The producer also hasn’t shied from sharing his experiences post-accident. The title Through the Wire is taken from the Kanye West track, which the rapper famously wrote and recorded with his jaw wired shut following a car accident, and the album cover art features an X-ray of Burton’s fractured spine shot through with a series of titanium screws.
Interspersed with audio clips taken from a podcast interview conducted with Burton by Jerome Barkley, the album has the effect fast-forwarding through the get-to-know-you process, Burton introducing himself with typical chest-out certainty (“You get that cocky, best producer of all-time talk,” he said, and laughed) before dropping his guard as the album reaches its back half.
“I don’t know if you know … but I was born with cerebral palsy,” Burton says to Barkley on “Release Therapy.” “And it fucked with my physical [abilities], not my mental. … I’m a diabetic also, so health-wise it’s been a toll. … If I didn’t have music, I’d be fucked up, for real, for real.”
Largely eschewing guest artists – only Philly P and the late Columbus rapper Nes Wordz turn up on the lush, soulful “A.U.P.” – Burton remains front and center throughout, the album emerging as a sonic portrait of an artist as a young man. “Oh, I cried a couple times listening to certain tracks,” Burton said. “I really let people into my world, where they hear me speak.”
Burrell said she wasn’t surprised that Burton opened up on record in the way that he did, noting that he pours parts of himself into every instrumental he builds, even if it sat less explicitly on the surface in the past. “But with this particular situation, I didn’t expect anything less than his most personal, most vulnerable album,” said Burrell, who has known Burton for more than 30 years and started dating him four months ago. “And I was waiting on it, to be honest.”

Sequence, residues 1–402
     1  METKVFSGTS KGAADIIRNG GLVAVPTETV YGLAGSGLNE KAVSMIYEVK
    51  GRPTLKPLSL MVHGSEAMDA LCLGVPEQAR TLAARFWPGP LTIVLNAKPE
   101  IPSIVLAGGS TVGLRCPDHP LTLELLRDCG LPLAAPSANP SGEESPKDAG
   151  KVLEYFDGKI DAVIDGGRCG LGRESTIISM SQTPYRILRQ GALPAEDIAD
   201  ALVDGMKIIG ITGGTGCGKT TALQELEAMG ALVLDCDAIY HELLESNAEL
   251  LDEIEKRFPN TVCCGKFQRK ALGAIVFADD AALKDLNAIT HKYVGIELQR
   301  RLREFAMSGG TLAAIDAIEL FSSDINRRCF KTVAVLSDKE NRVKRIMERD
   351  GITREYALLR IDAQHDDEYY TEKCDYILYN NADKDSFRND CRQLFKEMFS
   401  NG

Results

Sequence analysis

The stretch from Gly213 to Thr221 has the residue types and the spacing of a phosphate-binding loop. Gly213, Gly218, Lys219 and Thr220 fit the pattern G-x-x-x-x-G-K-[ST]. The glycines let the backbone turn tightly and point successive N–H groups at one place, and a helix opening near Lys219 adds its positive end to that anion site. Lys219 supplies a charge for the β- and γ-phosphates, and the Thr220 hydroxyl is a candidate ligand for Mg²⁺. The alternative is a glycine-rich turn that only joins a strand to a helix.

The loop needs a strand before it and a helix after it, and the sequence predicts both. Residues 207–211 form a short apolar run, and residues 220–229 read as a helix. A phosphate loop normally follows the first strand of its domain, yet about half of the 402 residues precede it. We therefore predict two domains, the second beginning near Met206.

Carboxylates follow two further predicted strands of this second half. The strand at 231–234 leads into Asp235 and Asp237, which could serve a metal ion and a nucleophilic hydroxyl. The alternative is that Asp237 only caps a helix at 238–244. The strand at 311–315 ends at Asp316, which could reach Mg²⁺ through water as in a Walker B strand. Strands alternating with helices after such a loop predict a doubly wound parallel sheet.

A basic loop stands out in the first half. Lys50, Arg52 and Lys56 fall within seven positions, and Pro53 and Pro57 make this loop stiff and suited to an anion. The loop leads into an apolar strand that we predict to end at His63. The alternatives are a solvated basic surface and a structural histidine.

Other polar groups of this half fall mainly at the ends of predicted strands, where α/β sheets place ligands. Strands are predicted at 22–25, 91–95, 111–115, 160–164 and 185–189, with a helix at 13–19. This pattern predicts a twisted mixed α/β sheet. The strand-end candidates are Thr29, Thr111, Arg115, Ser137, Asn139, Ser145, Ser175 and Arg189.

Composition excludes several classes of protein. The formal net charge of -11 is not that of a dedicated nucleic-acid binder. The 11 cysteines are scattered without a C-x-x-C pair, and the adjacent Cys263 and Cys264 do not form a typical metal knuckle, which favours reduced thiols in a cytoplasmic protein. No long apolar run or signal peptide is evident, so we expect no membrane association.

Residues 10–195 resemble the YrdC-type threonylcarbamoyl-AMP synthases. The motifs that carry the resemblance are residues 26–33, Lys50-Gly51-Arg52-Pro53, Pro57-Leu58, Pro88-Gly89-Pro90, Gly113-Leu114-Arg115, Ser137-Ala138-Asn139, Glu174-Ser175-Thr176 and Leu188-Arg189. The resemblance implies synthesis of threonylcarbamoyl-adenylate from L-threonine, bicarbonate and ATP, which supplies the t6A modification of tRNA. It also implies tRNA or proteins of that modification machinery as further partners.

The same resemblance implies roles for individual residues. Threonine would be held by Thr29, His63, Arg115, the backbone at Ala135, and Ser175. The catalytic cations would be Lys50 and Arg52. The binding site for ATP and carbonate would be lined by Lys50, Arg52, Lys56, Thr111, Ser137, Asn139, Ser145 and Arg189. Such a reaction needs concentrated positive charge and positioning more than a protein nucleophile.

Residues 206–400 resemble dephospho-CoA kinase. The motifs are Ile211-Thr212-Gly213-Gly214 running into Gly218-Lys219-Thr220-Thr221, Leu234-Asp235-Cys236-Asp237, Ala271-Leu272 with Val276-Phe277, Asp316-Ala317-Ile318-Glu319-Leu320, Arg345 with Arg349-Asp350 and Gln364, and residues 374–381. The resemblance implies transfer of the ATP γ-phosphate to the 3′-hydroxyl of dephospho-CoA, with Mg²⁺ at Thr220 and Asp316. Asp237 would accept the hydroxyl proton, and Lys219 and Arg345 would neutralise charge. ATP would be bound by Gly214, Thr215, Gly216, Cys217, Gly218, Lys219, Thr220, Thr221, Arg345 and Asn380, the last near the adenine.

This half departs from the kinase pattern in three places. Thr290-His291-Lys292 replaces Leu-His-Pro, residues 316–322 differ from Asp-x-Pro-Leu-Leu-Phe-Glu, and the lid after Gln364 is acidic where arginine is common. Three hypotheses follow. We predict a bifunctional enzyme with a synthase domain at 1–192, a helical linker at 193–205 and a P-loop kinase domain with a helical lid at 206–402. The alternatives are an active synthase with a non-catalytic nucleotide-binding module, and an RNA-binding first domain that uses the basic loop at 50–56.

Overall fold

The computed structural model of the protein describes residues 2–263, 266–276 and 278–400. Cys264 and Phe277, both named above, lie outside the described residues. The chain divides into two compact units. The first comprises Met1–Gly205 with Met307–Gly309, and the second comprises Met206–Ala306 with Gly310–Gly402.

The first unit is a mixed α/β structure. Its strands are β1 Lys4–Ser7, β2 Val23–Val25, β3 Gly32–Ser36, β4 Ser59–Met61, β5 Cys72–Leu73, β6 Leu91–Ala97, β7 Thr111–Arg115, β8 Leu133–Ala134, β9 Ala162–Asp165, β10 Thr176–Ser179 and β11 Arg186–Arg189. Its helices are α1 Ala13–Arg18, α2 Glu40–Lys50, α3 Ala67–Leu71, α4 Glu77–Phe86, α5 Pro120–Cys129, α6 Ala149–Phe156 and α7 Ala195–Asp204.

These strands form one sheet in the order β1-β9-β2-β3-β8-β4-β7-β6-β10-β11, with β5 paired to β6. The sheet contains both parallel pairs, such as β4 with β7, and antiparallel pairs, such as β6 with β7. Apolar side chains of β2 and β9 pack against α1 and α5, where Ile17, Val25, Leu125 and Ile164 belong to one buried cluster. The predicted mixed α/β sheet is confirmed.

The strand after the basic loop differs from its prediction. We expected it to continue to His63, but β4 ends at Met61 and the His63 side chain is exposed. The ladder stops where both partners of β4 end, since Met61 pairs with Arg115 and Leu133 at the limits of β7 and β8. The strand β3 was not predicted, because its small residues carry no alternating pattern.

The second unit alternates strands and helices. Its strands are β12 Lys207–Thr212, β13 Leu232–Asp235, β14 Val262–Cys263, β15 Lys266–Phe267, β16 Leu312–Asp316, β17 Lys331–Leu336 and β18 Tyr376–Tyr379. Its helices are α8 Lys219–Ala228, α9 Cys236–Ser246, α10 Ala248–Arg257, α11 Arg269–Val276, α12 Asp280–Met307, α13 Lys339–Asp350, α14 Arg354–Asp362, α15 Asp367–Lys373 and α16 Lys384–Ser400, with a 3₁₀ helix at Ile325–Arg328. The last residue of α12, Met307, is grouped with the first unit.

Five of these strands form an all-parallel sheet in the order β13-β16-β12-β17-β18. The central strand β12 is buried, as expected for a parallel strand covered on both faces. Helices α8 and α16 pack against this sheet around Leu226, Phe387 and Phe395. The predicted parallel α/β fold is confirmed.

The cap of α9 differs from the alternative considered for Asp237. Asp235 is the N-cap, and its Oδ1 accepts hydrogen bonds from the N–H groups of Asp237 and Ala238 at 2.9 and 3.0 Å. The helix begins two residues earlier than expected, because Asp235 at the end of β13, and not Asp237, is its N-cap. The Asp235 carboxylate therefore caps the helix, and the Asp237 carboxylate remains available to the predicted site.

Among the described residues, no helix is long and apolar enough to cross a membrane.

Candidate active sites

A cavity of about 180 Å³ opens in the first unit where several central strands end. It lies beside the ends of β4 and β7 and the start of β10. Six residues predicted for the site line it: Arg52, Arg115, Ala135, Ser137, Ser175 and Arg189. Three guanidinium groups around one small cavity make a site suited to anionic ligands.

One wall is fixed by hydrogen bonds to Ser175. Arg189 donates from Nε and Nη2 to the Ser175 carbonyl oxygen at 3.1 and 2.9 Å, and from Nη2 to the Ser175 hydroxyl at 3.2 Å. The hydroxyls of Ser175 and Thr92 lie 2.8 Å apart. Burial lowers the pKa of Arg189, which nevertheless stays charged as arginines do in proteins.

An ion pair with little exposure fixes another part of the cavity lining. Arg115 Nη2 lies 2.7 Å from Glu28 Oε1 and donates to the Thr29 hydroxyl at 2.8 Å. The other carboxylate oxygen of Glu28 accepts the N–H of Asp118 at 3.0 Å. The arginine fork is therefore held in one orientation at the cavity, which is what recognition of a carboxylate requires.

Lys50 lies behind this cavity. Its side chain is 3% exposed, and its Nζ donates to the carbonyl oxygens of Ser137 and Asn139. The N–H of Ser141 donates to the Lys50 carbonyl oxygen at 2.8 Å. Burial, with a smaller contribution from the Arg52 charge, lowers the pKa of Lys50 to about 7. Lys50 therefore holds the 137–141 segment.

Burrell and Burton both attributed the producer’s quick return to music to a never-say-die attitude and an unflinching optimism that have been entwined with his core from birth. At the same time, Burton has been open about the accumulated angers, frustrations and depressions that have flared up amid his injuries, describing his situation as “an emotional rollercoaster” in one Facebook post, and then proving this point a couple of days later with another post in which he confessed to cussing out a nursing technician.
“He has his days. Who wouldn’t?” Burrell said. “Some days he’s like, ‘Hey, let’s go embrace the day.’ And then other days it’s like, whatever. But I expect that, and I’d be concerned if he didn’t have those days. I’m glad he has feelings. I'm glad he’s not numb.”
Two days a week, Burton travels to Martha Morehouse Outpatient Care, where for 90 minutes a physical therapist essentially kicks his ass, putting him through intense exercises focused on strengthening his upper body and stimulating his lower limbs. “Physical therapy is about every limb – even the dead ones,” said Burton, who shared that feeling has started to return to his legs, fueling his hope for a full recovery. “You gotta move this way, and then back this way. … You gotta relearn everything. Everything.”
Even as Burton focuses on his recovery, he has continued to process the accident, which he said has served as an urgent reminder that he has more he wants to accomplish in whatever time he has remaining. So, while the producer is someone who has never lacked for motivation, he somehow sounded more resolute than ever to get to work.
“I have a lot left I want to say,” Burton said. “I thought I was a goner. I thought I was out. But God won’t let me leave. I’m still here. I’m here.”